The WasteWatcher: The Staff Blog of Citizens Against Government Waste

More Oversight Needed for our Veterans

The WasteWatcher is the staff blog of Citizens Against Government Waste (CAGW) and the Council for Citizens Against Government Waste (CCAGW). For questions, contact

On January 24, 2011, the Office of the Inspector General (OIG) of the Department of Veterans Affairs (VA) issued a report detailing the improper benefits given to disabled veterans. The report discussed temporary 100 percent benefits, which the Veterans Benefits Administration (VBA) is supposed to continually monitor and reduce when necessary and concluded that the VBA made mistakes in “about 27,500 (15 percent) of these veterans’ evaluations.” These mistakes “will overpay veterans a projected $1.1 billion over the next 5 years.”

The majority of the incorrectly processed evaluations occurred because VA Regional Office (VARO) personnel “did not enter the required future medical exam date into VBA’s electronic records,” or when dates were entered, they were ignored by VARO staff. Failing to schedule the exams allows for continued full benefits for those whose conditions may have improved. The OIG detailed a case in which a veteran received improper benefits totaling $148,874 over six years because VARO staff ignored a notification to enter a future medical exam.

Despite the OIG raising concerns with the VBA nearly two years ago, the problems persist. On June 19, 2012, a House Committee on Veterans’ Affairs hearing touched on many of these issues. Committee on Veterans’ Affairs Ranking Member Bob Filner (D-Calif.) asked VA Under Secretary for Benefits Allison Hickey why the agency was still failing to enter many of the future exam dates into the electronic records. Under Secretary Hickey answered that “it was a computer glitch” that had recently been fixed; but more recent OIG reports are not on her side. A September 2012 OIG inspection of VARO’s in Cleveland, Ohio, Wichita, Kansas, and Winston-Salem, North Carolina found that VARO staff continued to fail to enter future medical exam dates into electronic records.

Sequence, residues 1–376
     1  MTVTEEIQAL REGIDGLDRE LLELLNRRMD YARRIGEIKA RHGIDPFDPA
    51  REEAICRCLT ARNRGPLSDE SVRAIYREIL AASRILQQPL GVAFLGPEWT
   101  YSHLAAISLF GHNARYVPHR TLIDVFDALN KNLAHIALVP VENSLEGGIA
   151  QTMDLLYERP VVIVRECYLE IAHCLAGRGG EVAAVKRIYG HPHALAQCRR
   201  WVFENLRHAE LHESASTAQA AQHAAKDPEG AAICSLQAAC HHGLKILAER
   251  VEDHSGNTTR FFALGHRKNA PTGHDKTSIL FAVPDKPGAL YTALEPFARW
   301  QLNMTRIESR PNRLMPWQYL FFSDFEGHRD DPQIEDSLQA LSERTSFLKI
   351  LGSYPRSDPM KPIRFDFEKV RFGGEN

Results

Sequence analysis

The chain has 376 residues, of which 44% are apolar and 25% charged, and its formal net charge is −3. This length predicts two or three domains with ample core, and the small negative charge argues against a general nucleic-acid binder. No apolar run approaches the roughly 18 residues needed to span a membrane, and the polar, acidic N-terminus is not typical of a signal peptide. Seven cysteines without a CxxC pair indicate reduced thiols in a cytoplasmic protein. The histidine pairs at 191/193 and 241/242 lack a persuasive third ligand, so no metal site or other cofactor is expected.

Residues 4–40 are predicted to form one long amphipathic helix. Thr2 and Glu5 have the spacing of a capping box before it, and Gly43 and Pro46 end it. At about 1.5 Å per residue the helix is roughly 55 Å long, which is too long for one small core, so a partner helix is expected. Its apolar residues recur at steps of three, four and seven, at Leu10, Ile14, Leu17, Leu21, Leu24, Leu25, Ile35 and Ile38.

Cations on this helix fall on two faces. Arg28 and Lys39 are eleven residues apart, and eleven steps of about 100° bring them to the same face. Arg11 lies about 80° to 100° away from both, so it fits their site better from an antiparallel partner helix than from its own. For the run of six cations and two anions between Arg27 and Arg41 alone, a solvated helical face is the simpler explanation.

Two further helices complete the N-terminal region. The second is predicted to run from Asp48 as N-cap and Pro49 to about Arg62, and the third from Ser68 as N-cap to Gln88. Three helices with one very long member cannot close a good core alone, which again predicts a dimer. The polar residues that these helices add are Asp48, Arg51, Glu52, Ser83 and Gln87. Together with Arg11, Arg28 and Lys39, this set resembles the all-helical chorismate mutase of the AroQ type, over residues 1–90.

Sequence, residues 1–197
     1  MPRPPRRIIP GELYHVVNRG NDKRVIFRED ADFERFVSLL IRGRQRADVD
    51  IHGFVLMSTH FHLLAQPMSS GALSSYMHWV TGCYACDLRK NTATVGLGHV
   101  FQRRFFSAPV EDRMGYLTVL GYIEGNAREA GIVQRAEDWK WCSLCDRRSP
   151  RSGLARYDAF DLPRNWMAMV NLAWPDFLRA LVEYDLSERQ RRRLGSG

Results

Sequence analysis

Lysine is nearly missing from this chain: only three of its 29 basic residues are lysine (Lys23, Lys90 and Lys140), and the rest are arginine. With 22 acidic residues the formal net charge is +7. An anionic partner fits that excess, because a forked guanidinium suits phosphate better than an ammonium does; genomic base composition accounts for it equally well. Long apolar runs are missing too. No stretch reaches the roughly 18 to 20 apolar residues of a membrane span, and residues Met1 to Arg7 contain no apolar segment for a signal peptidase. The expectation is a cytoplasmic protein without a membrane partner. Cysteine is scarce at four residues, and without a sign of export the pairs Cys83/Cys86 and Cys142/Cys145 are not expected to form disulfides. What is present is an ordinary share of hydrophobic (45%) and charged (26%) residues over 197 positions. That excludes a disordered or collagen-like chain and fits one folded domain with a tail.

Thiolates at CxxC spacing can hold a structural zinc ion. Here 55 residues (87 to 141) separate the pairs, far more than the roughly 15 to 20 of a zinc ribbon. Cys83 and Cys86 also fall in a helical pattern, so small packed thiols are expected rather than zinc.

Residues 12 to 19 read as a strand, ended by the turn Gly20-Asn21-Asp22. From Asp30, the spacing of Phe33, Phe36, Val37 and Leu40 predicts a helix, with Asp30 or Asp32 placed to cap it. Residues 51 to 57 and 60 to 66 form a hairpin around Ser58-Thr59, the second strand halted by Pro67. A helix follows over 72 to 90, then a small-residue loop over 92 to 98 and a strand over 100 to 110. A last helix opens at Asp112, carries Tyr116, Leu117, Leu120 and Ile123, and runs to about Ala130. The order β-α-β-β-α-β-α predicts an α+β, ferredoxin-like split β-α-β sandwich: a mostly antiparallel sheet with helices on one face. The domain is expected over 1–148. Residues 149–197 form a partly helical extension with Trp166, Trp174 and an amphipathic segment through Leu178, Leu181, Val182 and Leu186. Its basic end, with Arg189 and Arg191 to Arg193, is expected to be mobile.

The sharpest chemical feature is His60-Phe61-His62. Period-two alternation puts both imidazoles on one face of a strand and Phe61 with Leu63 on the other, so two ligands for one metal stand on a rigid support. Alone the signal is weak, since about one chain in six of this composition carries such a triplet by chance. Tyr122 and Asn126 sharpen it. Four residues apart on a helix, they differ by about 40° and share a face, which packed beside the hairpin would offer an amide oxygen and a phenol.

As a result of the conflicts in Iraq and Afghanistan, there are a growing number of veterans applying for benefits, which has contributed to a huge backlog. As of September 24, 2012, 890,000 claimants awaited approval of benefits. This means a staggering amount of veterans are not getting the benefits that they rightly deserve, while many others get improper amounts.

The OIG report touched on this issue as well, finding that for 13 percent, or 3,500 of the improperly processed evaluations, “VARO staff failed to grant additional benefits…when supported by the medical evidence or failed to grant entitlement to ancillary benefits.” An example given by the OIG showed that one veteran was underpaid $60,651 over a three-year span, despite sufficient medical evidence that his injury was service connected.

Correcting the errors found by the OIG as well as increased oversight by Congress may help resolve these problems and free up money to be directed to veterans who are currently not being justly compensated.

It is critically important that those who served our country get suitable benefits. It is not fair that some veterans are either being undercompensated for their injuries, or cannot get their benefits because of a growing and unnecessary backlog.

  -- Tom Miller


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